I'm most of the way through the second short story I was talking about, and I've started plotting out the third. The third features Jin, the guy in the first story, albeit about 15 years later. I realized that with very few exceptions every character who is featured is over the age of 18, the focus characters are all in their 20s or above, and in that universe the older you are the more powerful you are magic-wise. In fact, all of the head people are 30 or above, and the youngest is an exception to the rule.

Maybe I'm just sick of the teenage protagonist cliche, since lord knows I didn't like my adolescence. I also think people only start to get interesting once they get puberty out of the way, since that tends to be when a person's real personality develops, so I always feel like it's a cop out to only follow someone up until they're 18. And I don't like writing teenage angst, I lived through enough, thank you.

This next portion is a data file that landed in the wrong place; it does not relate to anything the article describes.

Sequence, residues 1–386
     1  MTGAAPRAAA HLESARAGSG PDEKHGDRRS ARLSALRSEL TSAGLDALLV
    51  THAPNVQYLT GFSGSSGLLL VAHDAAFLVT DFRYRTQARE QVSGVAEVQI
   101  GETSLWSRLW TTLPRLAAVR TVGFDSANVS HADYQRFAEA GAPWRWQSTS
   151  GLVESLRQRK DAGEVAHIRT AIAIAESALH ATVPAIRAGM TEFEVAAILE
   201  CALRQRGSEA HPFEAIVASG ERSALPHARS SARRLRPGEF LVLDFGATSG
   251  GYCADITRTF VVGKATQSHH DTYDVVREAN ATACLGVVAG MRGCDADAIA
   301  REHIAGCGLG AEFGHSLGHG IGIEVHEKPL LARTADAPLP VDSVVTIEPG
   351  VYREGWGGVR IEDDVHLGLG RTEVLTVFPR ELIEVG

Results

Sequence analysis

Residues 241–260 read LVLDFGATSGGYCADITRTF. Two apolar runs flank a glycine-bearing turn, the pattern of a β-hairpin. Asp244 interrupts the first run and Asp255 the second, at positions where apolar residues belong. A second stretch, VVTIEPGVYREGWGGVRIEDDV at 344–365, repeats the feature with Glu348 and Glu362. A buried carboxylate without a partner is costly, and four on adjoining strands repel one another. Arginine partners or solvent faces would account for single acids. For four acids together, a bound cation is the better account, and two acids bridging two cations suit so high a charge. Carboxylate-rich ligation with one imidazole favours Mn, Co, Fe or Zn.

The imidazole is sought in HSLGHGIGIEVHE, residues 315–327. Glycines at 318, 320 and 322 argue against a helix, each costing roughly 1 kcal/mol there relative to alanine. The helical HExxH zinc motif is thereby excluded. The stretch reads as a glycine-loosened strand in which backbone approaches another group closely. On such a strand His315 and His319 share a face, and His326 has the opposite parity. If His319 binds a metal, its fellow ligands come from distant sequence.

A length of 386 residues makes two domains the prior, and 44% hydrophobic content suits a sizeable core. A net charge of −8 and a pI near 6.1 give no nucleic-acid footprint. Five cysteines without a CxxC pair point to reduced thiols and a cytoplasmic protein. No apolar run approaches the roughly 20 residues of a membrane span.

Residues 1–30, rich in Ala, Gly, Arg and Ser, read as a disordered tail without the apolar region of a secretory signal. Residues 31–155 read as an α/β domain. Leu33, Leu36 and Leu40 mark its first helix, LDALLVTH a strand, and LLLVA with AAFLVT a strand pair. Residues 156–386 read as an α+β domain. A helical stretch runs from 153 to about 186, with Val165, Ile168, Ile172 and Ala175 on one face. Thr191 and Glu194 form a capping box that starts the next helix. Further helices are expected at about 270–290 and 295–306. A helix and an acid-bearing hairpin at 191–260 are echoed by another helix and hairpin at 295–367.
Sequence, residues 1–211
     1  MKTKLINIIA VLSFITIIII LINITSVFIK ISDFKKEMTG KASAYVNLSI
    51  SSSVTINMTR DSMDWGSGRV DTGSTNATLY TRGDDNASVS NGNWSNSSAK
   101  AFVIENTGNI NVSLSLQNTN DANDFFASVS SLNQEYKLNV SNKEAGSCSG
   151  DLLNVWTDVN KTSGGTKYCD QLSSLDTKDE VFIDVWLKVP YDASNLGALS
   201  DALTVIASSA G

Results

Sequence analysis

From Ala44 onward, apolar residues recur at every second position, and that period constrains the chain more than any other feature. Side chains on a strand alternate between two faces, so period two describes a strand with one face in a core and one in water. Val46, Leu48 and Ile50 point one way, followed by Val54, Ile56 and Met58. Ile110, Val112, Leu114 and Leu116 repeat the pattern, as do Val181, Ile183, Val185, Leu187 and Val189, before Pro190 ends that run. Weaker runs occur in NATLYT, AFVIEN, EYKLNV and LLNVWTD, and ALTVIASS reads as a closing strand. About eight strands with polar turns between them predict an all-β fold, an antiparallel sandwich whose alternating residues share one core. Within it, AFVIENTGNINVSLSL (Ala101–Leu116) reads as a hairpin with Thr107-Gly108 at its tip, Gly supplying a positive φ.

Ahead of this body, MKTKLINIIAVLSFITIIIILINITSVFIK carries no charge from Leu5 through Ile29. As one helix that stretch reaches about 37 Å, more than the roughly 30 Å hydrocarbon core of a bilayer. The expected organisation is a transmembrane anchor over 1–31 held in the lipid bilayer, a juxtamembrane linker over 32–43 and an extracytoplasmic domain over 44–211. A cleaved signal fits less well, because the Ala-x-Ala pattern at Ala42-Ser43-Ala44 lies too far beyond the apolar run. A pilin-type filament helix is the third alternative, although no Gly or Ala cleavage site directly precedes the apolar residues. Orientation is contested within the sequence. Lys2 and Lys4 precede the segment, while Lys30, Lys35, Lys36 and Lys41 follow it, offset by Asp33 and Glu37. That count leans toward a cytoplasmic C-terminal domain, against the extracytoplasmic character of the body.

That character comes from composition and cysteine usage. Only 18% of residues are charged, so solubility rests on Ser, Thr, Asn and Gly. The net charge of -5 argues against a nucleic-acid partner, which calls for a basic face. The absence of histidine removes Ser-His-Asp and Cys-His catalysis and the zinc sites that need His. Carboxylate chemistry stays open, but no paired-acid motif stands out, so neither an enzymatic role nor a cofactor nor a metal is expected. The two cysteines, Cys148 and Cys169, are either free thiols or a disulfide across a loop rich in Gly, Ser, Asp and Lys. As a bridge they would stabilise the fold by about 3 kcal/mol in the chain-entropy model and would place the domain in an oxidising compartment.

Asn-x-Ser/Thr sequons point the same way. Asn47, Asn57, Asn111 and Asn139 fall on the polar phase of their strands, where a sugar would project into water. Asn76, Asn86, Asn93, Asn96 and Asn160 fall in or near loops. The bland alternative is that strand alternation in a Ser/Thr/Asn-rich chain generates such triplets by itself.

I've also started making a list of what the magic in that world can and can't do so I have it set down and am not tempted to make something up when convenient. Even though it is magic I don't want to use the "I don't have to explain it" cop out, because damn it, in my fictional universe even things like magic must make some logical sense!

I've been reading up on how other fantasy writers make these systems, and I seem to be going for a more functional system. They use it for a lot of things, so it's fairly common place and has limits on it. I'm also not tying it to any specific deity and am making it more tied to energy in general, so I'm almost going the Clarke's Third Law route and having technology and magic be almost indistinguishable. Now that I think about it it's almost a quasi-steampunk setting, but hey, I like stuff like that. :)
athenaltena: (smoking)
Robinson opens "Clergy Call" on Capitol Hill